As a profession, teaching is one of the more mysterious ones out there. Everyone has had teachers. Everyone sort of understands what a teacher does. Everyone has teachers they didn’t like, and teachers they remember twenty years later. But what makes a teacher special? Is it their expertise, their experience? Their willingness to work with sometimes intractable students and miserably low pay? How do you know if a student has learnt anything?
Around the world, ministries and departements of education have tried to quantify learning. Tests and data abound. Every few years curricula change and standards are renewed or tossed whole cloth. And teachers must completely change how they teach once more. And students have to change how they learn. Sometimes it’s very frustrating not being able to build a plan that suits every need. Micro-management is a problem everywhere.
I am by no means an expert. I have teaching experience, and I know that there have been some students who liked what I did. Here in N Macedonia all I hope is that I bring a real life connection to an escoteric subject that is so very necessary in the world today. Peace Corps has always sent native English speakers around the world to bring real life experiences to their students. I know I’m part of the process. Language learning is still a mysterious science. We understand why some people learn language faster than others, but there’s no way to tell who will be a polyglot and who will struggle.
We’ve started working in our schools, organisations and daily centres. Back in America, my former co-workers and teachers are counting down to their winter breaks. Here, however, winter break starts at the end of December and goes through January, so my countdown is a little different. On the plus side, I don’t have work on my birthday, continuing the tradition of never having worked/gone to school on my birthday…so far.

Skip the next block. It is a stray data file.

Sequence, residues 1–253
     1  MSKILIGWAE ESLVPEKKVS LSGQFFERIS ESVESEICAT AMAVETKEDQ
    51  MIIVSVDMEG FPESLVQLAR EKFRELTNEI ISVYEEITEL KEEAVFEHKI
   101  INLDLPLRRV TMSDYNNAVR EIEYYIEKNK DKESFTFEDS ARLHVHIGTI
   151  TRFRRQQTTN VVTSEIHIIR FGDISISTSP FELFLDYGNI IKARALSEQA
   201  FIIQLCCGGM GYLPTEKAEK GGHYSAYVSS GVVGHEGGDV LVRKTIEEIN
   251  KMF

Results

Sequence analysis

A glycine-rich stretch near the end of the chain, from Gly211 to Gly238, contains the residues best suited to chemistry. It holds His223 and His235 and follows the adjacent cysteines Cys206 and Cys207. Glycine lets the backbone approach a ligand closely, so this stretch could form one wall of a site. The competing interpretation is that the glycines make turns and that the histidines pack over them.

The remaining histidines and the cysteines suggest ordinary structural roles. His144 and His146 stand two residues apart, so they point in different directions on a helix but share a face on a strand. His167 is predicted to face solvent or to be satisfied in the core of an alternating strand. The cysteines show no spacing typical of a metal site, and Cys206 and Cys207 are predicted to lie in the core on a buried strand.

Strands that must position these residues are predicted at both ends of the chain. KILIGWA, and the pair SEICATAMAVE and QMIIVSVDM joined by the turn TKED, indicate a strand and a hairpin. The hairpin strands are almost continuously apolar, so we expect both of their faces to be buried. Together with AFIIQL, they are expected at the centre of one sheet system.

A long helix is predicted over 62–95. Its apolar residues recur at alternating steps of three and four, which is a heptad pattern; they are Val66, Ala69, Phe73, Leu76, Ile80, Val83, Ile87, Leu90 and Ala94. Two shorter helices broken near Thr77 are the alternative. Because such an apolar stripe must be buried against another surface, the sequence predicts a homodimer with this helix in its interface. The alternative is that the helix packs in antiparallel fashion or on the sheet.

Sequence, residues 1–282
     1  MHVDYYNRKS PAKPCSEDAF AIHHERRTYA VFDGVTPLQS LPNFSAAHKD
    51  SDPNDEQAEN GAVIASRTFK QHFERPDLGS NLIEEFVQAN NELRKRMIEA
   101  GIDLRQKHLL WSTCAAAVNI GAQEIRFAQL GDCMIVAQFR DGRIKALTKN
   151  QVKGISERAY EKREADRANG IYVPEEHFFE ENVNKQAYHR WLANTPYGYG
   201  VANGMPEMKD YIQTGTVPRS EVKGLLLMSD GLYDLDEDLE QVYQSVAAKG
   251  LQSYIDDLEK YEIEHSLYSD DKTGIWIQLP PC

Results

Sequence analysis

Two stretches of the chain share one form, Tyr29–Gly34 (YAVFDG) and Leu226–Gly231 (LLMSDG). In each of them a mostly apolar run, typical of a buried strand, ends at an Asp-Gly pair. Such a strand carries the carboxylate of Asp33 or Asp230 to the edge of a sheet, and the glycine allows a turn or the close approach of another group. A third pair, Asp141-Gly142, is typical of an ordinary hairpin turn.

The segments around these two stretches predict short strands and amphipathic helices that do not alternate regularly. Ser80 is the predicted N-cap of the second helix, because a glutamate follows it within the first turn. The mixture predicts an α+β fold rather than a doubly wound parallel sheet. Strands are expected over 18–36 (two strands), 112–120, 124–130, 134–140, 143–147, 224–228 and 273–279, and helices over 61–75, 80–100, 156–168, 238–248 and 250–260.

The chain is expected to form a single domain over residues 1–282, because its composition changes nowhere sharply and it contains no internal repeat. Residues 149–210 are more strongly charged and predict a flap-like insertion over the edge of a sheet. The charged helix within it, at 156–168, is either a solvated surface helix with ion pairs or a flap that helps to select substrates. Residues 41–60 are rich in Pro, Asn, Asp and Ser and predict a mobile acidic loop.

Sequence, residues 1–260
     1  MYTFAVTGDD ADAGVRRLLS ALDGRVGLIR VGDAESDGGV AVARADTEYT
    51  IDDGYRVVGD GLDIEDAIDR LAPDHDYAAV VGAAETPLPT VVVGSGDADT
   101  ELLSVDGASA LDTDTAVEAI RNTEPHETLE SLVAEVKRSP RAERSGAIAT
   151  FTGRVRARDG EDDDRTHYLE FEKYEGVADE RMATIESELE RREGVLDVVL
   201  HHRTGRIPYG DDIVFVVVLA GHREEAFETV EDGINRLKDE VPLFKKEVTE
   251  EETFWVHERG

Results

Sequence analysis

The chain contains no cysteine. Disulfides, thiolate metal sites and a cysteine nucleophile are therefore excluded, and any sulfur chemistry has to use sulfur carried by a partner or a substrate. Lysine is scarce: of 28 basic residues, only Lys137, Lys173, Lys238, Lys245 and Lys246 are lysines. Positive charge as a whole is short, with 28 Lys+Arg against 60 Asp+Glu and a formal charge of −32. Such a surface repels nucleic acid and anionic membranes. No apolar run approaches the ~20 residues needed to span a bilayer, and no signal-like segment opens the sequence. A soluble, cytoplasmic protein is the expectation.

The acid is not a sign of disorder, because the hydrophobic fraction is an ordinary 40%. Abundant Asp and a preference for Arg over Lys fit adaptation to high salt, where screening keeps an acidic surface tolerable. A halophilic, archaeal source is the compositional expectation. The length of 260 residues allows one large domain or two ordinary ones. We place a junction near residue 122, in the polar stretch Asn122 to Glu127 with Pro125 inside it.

Living with a Muslim family means I won’t be celebrating Christmas, either the Catholic one (25 December) or the Orthodox one (7 January). I’m so confused by not celebrating Christmas; it’s the highlight of the year. However, I will be doing a Christmas lesson with my students on the 25th of December, so I will try and bring some Christmas cheer into the classroom. I found an Adventskalendar here in N Macedonia, so I’ve been quietly celebrating my favourite holiday here.
This past week, I observed fourth year classes and helped out a bit with lessons. This coming week, I’ll be heading the lessons, working with my Albanian counterpart teacher. She teaches exclusively fourth year. After the end of the 2019-2020 school year, she’ll start again with first years. Starting in 2020, I’ll also be working with a Macedonian counterpart teacher. It means I’ll have to be okay in both Macedonian and Albanian…easier said than done. These languages are both so different that it’s always a struggle to study one and then the other. I have set up tutoring sessions with both of my tutors. Let’s see if I can also be good about self-studying. Learning a foreign language is difficult, let alone trying to learn two. I think this helps me understand my students, though.
I’ve met tons of new family members. The families that have hosted me happen to be enormous, so meeting cousins and nieces and nephews is sort of exhausting. I went on a mysafir for seven hours on Saturday: from 315 to 1030 PM! It was nice to chat and be surrounded by so much company, but also exhausting. I was successful in bonding with the little ones though, which is always fun. I met a grandfather who had lived in Australia for five years in his twenties, and that was very interesting to hear about. I still have no skill with family situations, but I’m learning. And that’s the most important thing I could say.